Author Topic: Cu-Catalyzed Aryl Halide Heteroatom Coupling  (Read 1238 times)

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Rhodium

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Cu-Catalyzed Aryl Halide Heteroatom Coupling
« on: December 08, 2003, 08:14:00 AM »
This article might shed some light on the bromovanillin alkoxylation and other similar reactions...

Renaissance of Ullmann and Goldberg Reactions – Progress in Copper Catalyzed C–N-, C–O- and C–S-Coupling
Klaus Kunz, Ulrich Scholz, Dirk Ganzer

Synlett No. 15, pp 2428–2439 (2003)

(https://www.thevespiary.org/rhodium/Rhodium/pdf/ullmann.goldberg.rxn.pdf)
DOI:

10.1055/s-2003-42473





Abstract:
Copper-catalyzed C–N-, C–O- and C–S-coupling reactions are powerful tools in organic synthesis and have been extensively reinvestigated in the past five years. The understanding of solubilizing and accelerating effects exhibited by substrates and ligands initiated novel developments originally on N-arylation of amines, amides, and nitrogen heterocycles. Nevertheless practical methods for the syntheses of aryl ethers and aryl thioethers have been established as well. A wide range of arylating reagents was explored, of which the aryl halides will be presented in this overview. Among a growing set of ligands and optimized reaction protocols, the most promising procedures are highlighted, covering the literature published through May 2003.

Rhodium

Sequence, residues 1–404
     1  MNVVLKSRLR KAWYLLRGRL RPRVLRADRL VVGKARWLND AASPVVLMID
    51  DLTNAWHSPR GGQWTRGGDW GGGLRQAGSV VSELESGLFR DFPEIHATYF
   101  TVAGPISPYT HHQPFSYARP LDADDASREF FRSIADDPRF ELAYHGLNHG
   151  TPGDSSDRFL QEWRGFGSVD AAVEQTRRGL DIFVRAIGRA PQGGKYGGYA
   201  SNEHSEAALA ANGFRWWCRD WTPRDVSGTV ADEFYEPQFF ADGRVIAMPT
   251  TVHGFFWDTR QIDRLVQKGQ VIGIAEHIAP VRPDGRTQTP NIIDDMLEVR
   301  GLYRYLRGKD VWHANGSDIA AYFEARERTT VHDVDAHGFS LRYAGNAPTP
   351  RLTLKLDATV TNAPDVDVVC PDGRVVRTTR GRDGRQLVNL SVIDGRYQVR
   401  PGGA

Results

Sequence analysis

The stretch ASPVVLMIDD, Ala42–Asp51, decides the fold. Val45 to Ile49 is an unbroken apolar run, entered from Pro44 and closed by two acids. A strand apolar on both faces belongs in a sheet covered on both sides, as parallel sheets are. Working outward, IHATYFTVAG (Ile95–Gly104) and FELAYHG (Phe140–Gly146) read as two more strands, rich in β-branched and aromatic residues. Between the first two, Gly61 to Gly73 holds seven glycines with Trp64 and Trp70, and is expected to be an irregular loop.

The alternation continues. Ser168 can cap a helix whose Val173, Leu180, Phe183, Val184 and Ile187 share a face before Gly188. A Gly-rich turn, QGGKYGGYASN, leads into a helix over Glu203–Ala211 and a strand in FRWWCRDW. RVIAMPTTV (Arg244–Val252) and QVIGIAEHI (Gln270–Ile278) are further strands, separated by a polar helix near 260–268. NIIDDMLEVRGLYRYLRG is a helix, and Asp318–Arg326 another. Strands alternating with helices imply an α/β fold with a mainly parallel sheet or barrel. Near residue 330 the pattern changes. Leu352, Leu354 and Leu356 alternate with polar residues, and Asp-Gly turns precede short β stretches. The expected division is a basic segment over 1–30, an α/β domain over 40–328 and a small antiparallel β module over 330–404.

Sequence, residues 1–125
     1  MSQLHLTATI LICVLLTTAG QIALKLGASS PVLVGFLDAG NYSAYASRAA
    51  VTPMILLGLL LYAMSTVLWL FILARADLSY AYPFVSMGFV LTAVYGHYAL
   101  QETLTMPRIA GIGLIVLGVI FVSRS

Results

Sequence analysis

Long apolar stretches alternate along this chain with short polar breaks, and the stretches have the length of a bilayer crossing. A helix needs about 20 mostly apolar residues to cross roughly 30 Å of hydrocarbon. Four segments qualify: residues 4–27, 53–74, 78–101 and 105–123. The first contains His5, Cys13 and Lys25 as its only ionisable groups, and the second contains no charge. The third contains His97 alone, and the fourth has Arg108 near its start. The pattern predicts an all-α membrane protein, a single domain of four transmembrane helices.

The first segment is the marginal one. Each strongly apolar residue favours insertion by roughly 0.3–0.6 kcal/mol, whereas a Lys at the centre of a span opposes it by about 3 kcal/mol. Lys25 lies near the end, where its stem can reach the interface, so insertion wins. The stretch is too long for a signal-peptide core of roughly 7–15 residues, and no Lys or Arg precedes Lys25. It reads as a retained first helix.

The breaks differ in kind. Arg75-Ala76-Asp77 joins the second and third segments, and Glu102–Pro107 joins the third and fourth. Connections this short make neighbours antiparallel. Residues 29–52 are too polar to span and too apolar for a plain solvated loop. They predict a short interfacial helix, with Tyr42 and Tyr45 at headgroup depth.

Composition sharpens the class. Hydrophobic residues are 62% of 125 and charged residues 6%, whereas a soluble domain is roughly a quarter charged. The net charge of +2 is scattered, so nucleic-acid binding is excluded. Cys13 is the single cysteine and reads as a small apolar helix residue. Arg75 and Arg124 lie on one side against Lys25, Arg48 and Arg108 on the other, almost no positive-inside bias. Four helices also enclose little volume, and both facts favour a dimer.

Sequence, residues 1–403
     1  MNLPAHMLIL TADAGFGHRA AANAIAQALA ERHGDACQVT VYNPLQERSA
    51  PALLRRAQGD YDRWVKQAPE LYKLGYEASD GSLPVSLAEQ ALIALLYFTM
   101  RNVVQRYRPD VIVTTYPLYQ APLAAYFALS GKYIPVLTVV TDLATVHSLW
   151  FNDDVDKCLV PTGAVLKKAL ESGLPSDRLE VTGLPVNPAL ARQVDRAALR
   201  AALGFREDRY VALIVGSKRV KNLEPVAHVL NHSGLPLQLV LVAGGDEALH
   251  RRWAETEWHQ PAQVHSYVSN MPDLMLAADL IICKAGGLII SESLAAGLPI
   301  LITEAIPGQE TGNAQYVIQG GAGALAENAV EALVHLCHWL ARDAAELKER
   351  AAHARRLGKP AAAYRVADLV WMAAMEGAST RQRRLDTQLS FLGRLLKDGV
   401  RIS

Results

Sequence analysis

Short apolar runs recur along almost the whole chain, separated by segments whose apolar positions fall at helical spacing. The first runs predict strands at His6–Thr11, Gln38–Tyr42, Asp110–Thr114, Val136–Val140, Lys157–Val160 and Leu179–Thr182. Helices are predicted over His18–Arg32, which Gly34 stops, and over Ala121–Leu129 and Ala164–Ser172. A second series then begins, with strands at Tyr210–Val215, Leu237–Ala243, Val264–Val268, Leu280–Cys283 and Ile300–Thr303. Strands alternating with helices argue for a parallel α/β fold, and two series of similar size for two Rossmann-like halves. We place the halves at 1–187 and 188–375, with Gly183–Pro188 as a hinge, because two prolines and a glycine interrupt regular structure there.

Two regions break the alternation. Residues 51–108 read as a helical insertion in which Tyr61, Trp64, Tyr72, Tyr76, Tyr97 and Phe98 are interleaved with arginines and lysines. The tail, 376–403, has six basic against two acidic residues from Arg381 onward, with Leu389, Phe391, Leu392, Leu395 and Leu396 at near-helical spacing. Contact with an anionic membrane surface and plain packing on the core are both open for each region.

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Cu-Mediated Arene-Heteroatom Bond Formation
« Reply #1 on: September 06, 2004, 03:03:00 PM »
Review:
Modern Synthetic Methods for Copper-Mediated C(aryl)O, C(aryl)N, and C(aryl)S Bond Formation

Steven V. Ley, Andrew W. Thomas

Angew. Chem. Int. Ed., 42(44), 5400-5449 (2003)

(https://www.thevespiary.org/rhodium/Rhodium/pdf/cu-mediated.aryl-heteroatom.bond.formation.pdf)



Abstract
The copper-mediated C(aryl)N, C(aryl)O, and C(aryl)S bond formation is an important transformation and has been developed to include a wide range of substrates. This Review highlights the recent developments in the copper-mediated (both stoichiometric and catalytic) reactions of aryl boronic acids, aryl halides, iodonium salts, siloxanes, stannanes, plumbanes, bismuthates, and trifluoroborate salts as aryl donors. In particular, the recent introduction of boronic acids as reaction partners in both O- and N-arylation has been a significant discovery and will occupy centre-stage in this review. Clear improvements can be obtained by the correct choice of copper source, base, ligands, and other additives. Mechanistic investigations should provide insight into the catalytically active species, which would aid in the development of milder, more-efficient methods.